The Crayford Cortina Mk.1 Story


The all new Cortina Mk.1 replaced the 315 Classic in October 1962 and was at first only available as a two door saloon, the ideal form for any Crayford conversion, its long transatlantic lines, and thin rear pillars were ideal for a roof chop. But Crayford had yet to be formed when the Mk.1 was launched and then all Crayfords early efforts went into the mini, so it was not until the 10th of January 1964 that Autocar announced the new Crayford Cortina Mk.1 to the public.


The Mk.1 Crayford Cortina was launched at the following weeks Racing Car Show at Olympia, London, on the 22nd January 1964. The dark blue car, a basic fleet model, was registered 560 VKO (believed to have been reregistered as HLR  681C).



As Crayford did not have their Westerham Factory until after the profits of a Heinz 57 car order, all the early Mk.l convertibles, and Heinz 57 Wolseleys had to be built at David’s Home, Crayford  House, at Ship Hill, Tatsfield near Westerham, with the meaty part, the roof chop, being farmed out to a contractor, K.R. Wigley of Leatherhead, Surrey.  The picture here shows cars including two Mark 1’s, still hardtops, awaiting cutting at Wigley’s. 



It must have been the winter of 1965-66 as the 57 Wolesleys had to be finished for the Heinz competition in May 1966. John Panther (no relation to J. Panther Cars)  repainted each car after cutting and Oxted Trimming in the next village would form a lifetime relationship with Crayford. So much of the early work was farmed out prior to the purchase of the Westerham Factory. But Ship Hill was well kitted out for final assembly of cars.


A big scoop for Crayford was the early order for thirty Mk.1 Crayfords for the island of Bermuda for use as hire cars and even Taxis, complete with fare meters on the dash.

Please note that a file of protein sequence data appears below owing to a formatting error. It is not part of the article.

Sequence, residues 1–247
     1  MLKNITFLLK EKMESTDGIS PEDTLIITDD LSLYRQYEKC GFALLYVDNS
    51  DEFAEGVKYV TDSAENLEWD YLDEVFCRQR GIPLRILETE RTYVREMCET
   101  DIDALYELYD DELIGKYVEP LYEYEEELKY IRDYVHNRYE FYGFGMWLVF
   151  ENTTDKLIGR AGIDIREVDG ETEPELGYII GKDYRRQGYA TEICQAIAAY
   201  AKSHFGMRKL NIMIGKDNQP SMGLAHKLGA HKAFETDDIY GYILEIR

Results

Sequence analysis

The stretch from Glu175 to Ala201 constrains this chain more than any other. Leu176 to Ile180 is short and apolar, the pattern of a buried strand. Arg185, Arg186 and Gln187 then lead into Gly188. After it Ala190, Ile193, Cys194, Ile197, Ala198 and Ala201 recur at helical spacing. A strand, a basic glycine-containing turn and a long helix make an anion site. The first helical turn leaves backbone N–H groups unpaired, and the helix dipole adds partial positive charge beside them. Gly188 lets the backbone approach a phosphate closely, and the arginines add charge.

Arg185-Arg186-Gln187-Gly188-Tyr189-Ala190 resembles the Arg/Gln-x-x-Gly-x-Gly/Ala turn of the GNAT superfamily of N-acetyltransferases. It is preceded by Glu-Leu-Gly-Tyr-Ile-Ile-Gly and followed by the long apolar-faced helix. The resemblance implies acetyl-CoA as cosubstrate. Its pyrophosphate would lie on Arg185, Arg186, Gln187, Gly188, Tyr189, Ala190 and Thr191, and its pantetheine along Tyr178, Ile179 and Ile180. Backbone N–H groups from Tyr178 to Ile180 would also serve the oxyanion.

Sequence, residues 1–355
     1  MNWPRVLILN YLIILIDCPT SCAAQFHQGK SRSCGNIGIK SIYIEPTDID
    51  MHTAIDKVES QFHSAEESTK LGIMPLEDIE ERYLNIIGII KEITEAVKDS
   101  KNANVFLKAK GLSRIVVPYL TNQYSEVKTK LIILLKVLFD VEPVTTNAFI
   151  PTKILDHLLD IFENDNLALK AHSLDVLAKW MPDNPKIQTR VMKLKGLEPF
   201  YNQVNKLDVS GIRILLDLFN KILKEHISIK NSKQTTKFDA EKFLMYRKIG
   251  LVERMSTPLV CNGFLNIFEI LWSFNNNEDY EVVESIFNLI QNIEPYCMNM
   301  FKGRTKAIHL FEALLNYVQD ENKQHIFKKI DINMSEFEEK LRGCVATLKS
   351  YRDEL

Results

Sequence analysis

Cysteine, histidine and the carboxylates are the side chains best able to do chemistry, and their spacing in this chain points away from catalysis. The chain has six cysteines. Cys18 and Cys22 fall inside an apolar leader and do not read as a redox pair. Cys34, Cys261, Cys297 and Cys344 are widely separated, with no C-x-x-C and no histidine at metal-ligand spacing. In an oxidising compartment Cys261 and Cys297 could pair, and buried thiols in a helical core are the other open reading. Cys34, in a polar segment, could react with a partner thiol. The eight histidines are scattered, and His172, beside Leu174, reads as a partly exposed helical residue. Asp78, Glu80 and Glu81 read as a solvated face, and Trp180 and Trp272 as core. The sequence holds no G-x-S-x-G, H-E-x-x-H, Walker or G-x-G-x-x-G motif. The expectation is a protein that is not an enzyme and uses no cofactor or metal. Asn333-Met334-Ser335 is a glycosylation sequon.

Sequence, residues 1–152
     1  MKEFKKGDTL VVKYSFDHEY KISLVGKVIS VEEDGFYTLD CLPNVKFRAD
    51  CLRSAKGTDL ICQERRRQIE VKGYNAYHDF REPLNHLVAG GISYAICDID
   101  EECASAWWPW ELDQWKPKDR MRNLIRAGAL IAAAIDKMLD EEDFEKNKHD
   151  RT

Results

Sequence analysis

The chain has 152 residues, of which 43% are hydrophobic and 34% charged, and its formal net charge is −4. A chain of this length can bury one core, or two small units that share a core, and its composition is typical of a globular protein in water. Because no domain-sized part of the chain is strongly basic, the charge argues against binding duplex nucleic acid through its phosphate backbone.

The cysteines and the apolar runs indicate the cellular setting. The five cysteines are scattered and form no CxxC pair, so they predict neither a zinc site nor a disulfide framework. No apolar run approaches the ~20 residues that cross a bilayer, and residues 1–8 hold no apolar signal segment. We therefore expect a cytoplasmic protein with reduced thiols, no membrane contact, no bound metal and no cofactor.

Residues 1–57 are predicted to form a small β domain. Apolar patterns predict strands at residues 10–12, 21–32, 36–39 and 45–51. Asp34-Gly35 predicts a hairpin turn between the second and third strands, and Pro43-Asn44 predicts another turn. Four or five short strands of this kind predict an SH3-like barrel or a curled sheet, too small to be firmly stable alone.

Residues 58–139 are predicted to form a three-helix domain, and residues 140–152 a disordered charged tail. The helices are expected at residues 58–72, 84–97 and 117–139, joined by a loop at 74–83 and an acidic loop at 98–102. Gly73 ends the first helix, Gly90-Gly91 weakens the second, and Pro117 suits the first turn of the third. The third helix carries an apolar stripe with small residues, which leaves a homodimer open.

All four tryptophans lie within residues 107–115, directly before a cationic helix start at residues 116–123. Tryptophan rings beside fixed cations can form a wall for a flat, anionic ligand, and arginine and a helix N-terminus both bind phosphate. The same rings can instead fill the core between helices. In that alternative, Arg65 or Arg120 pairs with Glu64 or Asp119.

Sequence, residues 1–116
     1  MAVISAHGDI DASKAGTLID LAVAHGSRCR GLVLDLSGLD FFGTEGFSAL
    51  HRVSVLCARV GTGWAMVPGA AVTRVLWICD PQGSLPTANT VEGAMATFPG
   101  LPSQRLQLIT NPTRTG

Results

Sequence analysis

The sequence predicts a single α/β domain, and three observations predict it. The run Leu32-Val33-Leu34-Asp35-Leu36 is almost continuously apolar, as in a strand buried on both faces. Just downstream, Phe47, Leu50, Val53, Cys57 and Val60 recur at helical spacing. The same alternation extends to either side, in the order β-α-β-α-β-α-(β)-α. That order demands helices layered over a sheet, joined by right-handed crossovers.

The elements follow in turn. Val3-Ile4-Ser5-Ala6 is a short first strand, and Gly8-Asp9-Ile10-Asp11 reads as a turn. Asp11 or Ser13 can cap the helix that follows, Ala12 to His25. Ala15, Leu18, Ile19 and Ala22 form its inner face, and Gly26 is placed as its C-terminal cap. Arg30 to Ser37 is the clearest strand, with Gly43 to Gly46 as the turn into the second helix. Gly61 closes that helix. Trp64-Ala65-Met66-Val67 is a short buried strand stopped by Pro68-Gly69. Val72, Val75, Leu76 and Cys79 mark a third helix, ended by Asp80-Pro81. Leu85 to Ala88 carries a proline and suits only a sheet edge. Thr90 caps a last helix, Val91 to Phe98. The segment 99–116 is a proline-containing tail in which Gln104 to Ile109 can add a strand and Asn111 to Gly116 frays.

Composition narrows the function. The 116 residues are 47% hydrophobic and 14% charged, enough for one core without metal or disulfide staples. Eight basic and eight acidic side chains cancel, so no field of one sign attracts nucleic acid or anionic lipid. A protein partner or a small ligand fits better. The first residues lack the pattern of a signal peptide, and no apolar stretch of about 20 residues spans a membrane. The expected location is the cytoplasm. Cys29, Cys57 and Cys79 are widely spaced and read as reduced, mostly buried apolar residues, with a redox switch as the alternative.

In the UK Phillips Motors, at the Convertible Car Centre, Chalk Farm, off Regents Park, London had the sole franchise to sell the Mk.1 Crayford on DeLuxe, Super and GT base cars, no Lotus Cortina Mk.1 was listed or found to date. A GT cost £1,024 and was £140 cheaper then its big brother the Crayford Corsair GT at £1,162.



It was just as production at Crayford was at full swing, that Ford dropped the Mk.1 Cortina for the “all  new” Mk. 2, a very clever re-skin of the hugely successful Mk.1 chassis/bulkhead and windscreen, indeed with a 3 inch stretch in wheelbase it was also used to chassis and power the Corsair too.


David quoted four cars a week from the Westerham factory in their later days with a staff of around 10, but no doubt only a couple a week in their pre factory days with the Mk.1. The famous Crayford dozen (12) has often been quoted by David McMullan as the number of UK cars sold over and above the Bermuda order for 30 cars, a total of around 42. We have knowledge of 17 surviving Crayfords on the Mk.1 Register, if the press car 560 VKO and HLR  681C  are the same car. All have been seen and checked, none of the thirty Bermuda cars survive, they lived in a very humid climate surrounded by sea salt and had hard working lives.


All Lotus Mk.1 finds have panned out as “re-engined cars”. There may be another few  surviving Mk.1 Crayfords unchecked by the club.  So Less than fifty in all and about the right sort of figure Crayford could have made in the time the model was available.

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